A grader lying submerged in the South Saskatchewan River may have to stay there until the fast-moving waters recede.
The Environment Ministry isn’t requesting the grader be removed because of the risk it would pose to individuals having to enter the river, said Ralph Bock, manager of hazardous materials and impacted sites for Saskatchewan Environment.
“At this point, our focus would be on responder safety before any recovery operations could occur,” Bock said.
A KLS Earthworks machine working along the riverbank near Diefenbaker Park stalled and slid into the river at about 10:30 a.
The grader was performing work related to the Circle Drive South project.
The Saskatoon fire department attended the scene but assistant fire chief Bill Coffin said the river is moving too fast — at 1,
“Our divers will go in at 475 (cubic metres per second) but after that, it’s too strong.The highlight of my tour was “System Electronica”, the
A big tow truck should be able to pull the grader out, Coffin said, but the issue is finding some way to get the tow truck attached to the submerged piece of machinery.
The South Saskatchewan River is flowing at 10 times its normal rate after the Water Security Agency increased outflows from the Gardiner Dam to deal with flood waters from Alberta working their way through the province. Last week, the river was flowing at a record 2,000 cubic metres per second.
About 450 litres of fluid — diesel fuel and hydraulic fluid — is in the grader but hadn’t leaked into the river as of Tuesday afternoon.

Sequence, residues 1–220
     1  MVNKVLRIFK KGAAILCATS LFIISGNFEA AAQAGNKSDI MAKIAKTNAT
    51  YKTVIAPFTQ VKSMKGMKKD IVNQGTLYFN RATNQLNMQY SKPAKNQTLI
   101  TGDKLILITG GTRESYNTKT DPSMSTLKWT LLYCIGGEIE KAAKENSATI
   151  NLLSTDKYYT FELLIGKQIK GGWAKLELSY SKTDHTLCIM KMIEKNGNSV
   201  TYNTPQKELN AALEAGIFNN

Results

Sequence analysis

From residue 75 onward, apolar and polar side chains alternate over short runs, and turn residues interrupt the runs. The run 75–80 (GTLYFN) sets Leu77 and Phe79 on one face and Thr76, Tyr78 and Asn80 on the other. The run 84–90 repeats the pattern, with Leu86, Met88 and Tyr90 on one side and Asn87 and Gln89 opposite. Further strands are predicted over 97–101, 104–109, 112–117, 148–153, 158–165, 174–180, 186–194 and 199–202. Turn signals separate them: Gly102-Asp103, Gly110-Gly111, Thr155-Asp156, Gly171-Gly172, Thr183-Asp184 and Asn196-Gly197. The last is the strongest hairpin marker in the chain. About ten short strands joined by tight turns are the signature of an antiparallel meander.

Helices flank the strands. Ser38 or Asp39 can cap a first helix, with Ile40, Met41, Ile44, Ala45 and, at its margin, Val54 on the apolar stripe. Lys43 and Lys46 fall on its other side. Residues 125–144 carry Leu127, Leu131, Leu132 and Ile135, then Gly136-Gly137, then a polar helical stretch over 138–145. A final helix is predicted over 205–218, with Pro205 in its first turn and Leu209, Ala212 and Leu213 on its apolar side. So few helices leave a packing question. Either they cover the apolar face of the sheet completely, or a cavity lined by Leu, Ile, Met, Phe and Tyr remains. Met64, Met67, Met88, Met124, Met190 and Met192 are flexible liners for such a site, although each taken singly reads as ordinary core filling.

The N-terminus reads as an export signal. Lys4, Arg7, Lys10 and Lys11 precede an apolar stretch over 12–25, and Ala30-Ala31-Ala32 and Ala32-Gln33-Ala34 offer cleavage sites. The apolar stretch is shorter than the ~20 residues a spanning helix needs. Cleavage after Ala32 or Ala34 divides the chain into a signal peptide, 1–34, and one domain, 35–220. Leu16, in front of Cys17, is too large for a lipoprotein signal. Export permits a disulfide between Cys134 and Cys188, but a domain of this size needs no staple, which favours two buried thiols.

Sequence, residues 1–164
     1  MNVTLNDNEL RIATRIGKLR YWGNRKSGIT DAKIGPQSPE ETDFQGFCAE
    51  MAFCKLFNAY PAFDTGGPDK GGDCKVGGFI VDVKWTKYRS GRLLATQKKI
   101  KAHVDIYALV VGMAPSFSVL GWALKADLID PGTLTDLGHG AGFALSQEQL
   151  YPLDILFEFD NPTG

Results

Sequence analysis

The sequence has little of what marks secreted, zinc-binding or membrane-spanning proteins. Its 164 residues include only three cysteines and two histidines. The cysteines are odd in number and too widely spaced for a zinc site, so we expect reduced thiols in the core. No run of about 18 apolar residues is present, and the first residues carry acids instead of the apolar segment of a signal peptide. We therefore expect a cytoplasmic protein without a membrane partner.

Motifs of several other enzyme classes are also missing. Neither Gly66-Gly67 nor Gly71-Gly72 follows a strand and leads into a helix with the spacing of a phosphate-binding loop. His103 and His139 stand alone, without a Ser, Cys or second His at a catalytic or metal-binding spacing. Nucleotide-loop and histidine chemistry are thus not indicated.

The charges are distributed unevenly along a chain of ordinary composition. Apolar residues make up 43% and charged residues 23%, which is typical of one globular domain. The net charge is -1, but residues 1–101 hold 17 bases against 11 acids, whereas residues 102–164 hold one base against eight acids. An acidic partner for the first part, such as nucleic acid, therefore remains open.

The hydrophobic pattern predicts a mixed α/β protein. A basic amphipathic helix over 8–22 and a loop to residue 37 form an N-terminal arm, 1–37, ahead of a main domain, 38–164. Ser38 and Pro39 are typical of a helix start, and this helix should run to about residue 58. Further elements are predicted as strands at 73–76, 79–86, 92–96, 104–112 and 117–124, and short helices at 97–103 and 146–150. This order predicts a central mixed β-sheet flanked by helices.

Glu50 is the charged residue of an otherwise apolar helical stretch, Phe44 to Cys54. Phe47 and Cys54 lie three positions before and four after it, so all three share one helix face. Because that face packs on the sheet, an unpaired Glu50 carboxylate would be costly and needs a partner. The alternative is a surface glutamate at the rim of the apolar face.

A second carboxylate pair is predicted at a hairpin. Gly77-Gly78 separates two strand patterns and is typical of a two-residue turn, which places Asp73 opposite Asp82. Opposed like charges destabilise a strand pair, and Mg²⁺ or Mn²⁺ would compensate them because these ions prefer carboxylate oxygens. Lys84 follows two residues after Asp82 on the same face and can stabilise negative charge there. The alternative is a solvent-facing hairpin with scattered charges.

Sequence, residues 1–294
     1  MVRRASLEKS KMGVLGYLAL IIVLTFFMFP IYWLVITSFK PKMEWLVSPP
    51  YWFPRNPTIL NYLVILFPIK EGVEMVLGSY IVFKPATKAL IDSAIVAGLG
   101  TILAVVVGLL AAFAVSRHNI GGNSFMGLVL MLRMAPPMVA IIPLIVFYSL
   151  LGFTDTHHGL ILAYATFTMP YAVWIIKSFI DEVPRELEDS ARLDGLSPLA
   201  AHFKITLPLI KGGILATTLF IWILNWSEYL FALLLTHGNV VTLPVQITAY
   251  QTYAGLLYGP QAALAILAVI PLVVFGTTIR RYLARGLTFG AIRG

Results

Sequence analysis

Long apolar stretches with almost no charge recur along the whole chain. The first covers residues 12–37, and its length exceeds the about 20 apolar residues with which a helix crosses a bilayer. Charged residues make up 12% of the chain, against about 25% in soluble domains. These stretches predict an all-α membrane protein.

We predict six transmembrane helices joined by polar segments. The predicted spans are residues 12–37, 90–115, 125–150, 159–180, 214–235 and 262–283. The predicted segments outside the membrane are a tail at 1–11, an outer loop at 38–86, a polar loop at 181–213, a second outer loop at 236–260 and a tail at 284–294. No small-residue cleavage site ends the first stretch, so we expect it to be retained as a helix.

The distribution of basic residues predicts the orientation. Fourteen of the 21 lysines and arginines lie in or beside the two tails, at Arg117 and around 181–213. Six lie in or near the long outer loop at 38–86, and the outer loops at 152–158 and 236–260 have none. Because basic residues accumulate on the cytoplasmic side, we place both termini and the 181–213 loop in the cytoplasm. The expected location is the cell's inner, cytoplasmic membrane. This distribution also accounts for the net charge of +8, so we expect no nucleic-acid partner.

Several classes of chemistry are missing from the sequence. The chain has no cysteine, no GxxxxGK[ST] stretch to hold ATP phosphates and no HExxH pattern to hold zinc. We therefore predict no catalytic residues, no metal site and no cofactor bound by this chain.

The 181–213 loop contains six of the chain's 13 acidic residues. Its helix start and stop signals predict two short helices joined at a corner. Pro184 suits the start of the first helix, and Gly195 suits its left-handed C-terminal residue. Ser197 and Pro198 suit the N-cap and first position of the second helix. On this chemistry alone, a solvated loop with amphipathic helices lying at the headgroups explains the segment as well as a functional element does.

Bock said the Environment Ministry is more concerned about responder safety than a potential fuel leak.
“At this point, we don’t want to put lives at risk to rescue a grader that may or may not leak some fuel into the river,” he said.
As well, because the river’s flow is so high and the amount of fuel in the grader is “fairly limited,” it would be difficult for the ministry to measure what impact, if any, a leak would have.
“That’s not to say (it’s OK), but at this point, because the river flows are so high, we wouldn’t expect huge impacts downstream, or even measurable impacts, because of that high flow rate,” he said.
Bock said once the company can come up with an appropriate plan that ensures responder safety, then the Environment Ministry would endorse it — and that might not happen until the river flow decreases.
KLS general manager Ryan Olivier, reached at the company’s Calgary headquarters, said he didn’t know when they’d be able to get the grader out.
“At this point in time we’re still continuing our investigation,